Part Of Jing Daily’s Coverage Of Social Media Matters, Hong Kong
September is a busy month for both the fashion and social media industries. Coinciding with the launch of major fashion weeks around the world, this month Hong Kong played host to several social media events. Personally, I was torn between these two worlds on September 7, a date chosen for the launch of two particularly important events: Social Media Matters and Hong Kong’s first-ever Fashion’s Night Out.
While Fashion’s Night Out (FNO) is a free event, organized jointly by Vogue China (Hong Kong does not have its own edition of Vogue) and Hong Kong-based luxury department store Lane Crawford, Social Media Matters (SMM) is rather expensive to attend (US$600+ per ticket). This makes sense, however, given that the purpose of FNO is to encourage people to shop — to spend money and help the economy (at least that’s the original reason Anna Wintour started it) — while SMM uses the money from ticket sales to fly in influential speakers from all over the world to present at the conference.
The one-day SMM conference indeed boasted many interesting speakers from the West this year, from companies such as Google, Nestle, Ogilvy, Linkedin, Facebook and Twitter, along with some presenters from mainland Chinese SNS like RenRen, Douban, Sina Weibo, Jiepang and Jingdong. The conference featured an impressive mix of presentations, panel discussions, Q&As and even a performance by one of Hong Kong’s Youtube-launched success stories, G.E.M.
For me, G.E.M.’s panel discussion, which also included her manager and a few other Asian TV presenters and artists, was one of the most interesting at SMM. Being one the few attendees who had actually heard of G.E.M., I never knew that she got her big break on Youtube. Interestingly enough, the first video that launched her career wasn’t a music video but one posted four years ago about humorous goldfish expressions, which currently has over 430,000 views. G.E.M.’s official Youtube channel is now more of a personal blog of sorts, featuring lifestyle videos as well as music videos, with some now racking up almost 5 million views.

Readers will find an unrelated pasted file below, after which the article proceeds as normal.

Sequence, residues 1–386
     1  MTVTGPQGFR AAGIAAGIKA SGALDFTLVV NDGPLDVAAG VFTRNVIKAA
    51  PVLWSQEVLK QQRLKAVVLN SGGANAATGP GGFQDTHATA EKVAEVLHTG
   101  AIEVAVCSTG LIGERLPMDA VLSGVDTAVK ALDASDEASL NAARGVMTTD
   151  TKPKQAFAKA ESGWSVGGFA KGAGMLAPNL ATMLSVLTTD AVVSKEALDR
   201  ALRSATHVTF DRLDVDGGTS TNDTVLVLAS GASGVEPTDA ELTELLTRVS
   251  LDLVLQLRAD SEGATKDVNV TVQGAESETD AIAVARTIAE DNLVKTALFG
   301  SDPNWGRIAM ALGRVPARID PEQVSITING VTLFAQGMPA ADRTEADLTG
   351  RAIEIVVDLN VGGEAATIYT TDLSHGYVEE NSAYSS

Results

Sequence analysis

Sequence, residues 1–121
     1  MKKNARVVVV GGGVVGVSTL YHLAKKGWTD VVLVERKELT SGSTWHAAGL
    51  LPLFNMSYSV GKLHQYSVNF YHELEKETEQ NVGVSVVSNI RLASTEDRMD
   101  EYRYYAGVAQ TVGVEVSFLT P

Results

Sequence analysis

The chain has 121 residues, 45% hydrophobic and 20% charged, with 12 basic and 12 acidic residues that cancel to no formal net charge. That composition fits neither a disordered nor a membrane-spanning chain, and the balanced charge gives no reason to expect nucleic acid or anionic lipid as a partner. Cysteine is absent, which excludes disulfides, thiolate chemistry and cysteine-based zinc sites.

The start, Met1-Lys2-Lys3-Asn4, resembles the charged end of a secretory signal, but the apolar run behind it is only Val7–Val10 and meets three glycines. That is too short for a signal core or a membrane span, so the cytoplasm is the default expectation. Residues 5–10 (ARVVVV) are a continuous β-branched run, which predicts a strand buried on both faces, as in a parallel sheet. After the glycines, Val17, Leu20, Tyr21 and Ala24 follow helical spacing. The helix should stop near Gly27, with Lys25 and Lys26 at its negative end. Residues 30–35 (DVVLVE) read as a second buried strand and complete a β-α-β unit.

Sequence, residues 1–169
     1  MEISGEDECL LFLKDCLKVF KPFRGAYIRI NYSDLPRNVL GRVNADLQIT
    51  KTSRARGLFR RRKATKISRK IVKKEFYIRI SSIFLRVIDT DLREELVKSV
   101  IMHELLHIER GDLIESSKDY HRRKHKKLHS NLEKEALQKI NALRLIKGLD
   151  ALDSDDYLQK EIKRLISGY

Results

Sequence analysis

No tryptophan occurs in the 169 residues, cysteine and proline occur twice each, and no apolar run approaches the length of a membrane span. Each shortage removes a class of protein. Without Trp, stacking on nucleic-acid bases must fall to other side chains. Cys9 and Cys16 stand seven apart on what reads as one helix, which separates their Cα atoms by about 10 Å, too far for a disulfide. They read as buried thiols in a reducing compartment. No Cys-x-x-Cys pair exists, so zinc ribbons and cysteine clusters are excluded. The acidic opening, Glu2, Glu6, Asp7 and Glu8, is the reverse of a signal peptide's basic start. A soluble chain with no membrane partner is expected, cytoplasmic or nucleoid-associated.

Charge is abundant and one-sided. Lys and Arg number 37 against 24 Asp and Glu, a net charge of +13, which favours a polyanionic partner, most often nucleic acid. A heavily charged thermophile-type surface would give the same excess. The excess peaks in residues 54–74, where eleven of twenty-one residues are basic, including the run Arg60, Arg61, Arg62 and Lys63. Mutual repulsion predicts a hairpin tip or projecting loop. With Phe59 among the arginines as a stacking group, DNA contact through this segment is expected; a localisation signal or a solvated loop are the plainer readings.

G.E.M.’s success story is impressive enough — as she was the sole representative of local Hong Kong success using social media to launch a career. However, her case is one of many social media success stories from mainland China and/or Asia that can help businesses looking to enter the region get a better understanding of the market. Other examples similar to G.E.M.’s viral success, which might have deserved a closer look at SMM this year, include Mike Sui’s Youku video (which achieved over 6 million views) or Korean Youtube phenomenon PSY’s “Gangnam Style” (currently with over 252 million views).
Whether we’re talking about about fashion or social media, Hong Kong is a place where businesses and people choose to stay to gain access to both Western and Chinese information without a filter (though this is also slowing changing). More brands in Hong Kong are spending huge amounts of money bringing over mainland Chinese media and bloggers, and more businesses are forgoing the middleman. Reflecting the current fork in the road in Hong Kong, businesses in the city are hiring agencies in mainland China that are more familiar with local SNS and have stronger connections and a better understanding of the market.
So, despite all the activity, a bit of a worrying question is emerging: where is Hong Kong heading?
In addition to her work as a social media and PR professional, blogger and brand consultant, Hong Kong-based Elle Lee now hosts the new online program Weibo Today. Check out Elle’s personal site at elleiconlee.com and follow her on Twitter at @ElleIconLee or Sina Weibo at @ElleLeeHK.
(Opinions expressed by Jing Daily columnists do not necessarily reflect the opinions of the Jing Daily editorial team.)